And of course the user review phenomenon is intrinsically social, allowing individuals to share and explore other people’s experiences before making their own purchases.
Travel sellers are already making moves in to social, for example by encouraging travellers to share their holiday photos or engaging with traveller review services like TripAdvisor. Millennials are interested in content they can use to build and engage with communities.
But there’s more scope to explore social – and to introduce social features earlier in the looking and booking process. One way would see travel sellers enable easy social sharing of search results or booked trips, allowing travellers to coordinate their travel plans.
They key is to give Millennials (and other customers) access to content they can use to in their social communities.
Explorer is the third and final Millennial characteristic. At home in borderless online communities, Millennials are perhaps the most globally conscious generation in history.
These citizens of the world display a stronger appetite for travel than other demographic groups. But more significantly, Millennials are more open to change and new experiences: they are natural explorers, always on the lookout for something fresh and different. And this opens up some intriguing opportunities for travel sellers.
For one, Millennials are looking for inspiration – and there’s plenty of scope for travel sellers to provide that with engaging visual and social content.
Search and product presentation is part of the picture: imaginative search tools like maps and calendars give visitors more ways to interact with and explore your content.
Travel sellers can also feed the hunger for exploration by offering the widest choice of destinations and making it easy for travellers to package their own multi-stage itineraries.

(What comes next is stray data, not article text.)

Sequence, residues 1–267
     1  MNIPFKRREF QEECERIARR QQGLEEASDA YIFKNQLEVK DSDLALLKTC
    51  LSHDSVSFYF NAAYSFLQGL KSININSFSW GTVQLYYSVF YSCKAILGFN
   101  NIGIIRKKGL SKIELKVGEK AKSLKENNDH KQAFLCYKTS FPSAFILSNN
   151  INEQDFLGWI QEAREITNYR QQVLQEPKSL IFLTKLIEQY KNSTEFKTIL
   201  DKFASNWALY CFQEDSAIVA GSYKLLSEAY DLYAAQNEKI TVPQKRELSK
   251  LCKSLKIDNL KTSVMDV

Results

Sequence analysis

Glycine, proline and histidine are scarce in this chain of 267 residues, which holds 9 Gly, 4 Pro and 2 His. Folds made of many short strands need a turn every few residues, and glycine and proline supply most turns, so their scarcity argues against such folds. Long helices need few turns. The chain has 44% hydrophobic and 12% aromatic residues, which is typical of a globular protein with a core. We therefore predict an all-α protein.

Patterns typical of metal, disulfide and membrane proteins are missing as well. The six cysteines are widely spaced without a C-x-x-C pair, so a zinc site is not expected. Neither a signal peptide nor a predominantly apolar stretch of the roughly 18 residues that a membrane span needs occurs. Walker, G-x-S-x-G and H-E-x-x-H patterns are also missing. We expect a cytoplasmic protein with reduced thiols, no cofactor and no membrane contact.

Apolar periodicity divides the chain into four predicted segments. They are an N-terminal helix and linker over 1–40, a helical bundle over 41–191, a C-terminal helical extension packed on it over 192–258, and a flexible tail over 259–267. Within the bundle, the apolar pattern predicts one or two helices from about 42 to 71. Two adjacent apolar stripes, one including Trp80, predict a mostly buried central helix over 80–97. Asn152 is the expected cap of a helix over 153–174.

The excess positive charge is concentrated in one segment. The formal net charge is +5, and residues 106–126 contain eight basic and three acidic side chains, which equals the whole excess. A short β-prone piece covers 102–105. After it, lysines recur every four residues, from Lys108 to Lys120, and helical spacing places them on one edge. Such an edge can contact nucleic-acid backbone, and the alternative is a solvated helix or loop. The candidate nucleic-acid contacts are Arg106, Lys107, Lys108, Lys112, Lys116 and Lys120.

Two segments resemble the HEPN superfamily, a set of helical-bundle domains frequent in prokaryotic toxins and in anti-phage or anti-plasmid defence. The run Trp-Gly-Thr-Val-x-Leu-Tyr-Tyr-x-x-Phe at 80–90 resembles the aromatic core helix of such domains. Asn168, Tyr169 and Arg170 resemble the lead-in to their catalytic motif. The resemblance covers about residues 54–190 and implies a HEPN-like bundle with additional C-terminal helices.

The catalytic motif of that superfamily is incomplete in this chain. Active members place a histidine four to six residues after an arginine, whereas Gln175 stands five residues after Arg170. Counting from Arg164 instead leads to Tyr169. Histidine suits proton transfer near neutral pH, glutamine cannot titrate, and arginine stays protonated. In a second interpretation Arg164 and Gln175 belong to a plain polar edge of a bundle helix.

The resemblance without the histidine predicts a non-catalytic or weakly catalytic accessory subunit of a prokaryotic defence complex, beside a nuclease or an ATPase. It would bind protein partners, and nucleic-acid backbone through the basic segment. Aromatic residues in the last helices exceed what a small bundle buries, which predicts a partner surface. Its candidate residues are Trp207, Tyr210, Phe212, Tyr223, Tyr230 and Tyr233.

Here, the travel sellers can be the Millennial’s friend by acting as a facilitator – making it as easy for these travellers to negotiate a big and complex world of choices
Ask the right questions
As with any big social or technological phenomenon, there’s always potential to get carried away. The discussion around Millennials is as liable to hype to as any other – and in most ways this generation is as diverse and surprising as any other.
Millennials will not always behave the way you might expect. For example, you might think Millennials will always rush to embrace innovations, particularly ones that appeal to their Social, Connected and Explore dimensions.
But it’s not always the case: with asked to rank different forms of accommodation, sharing economy options like Airbnb come last in line for Millennials.
That said, the Millennials concept is important for travel sellers because it focuses us – as an industry – on the right questions.
Questions about how we can craft and deliver better shopping experiences: the kind of rich experiences that genuinely engage and delight the traveller, and which offer them something across every channel.
Get this right, and travel sellers will have a compelling proposition for every customer, whatever generation or demographic they come from.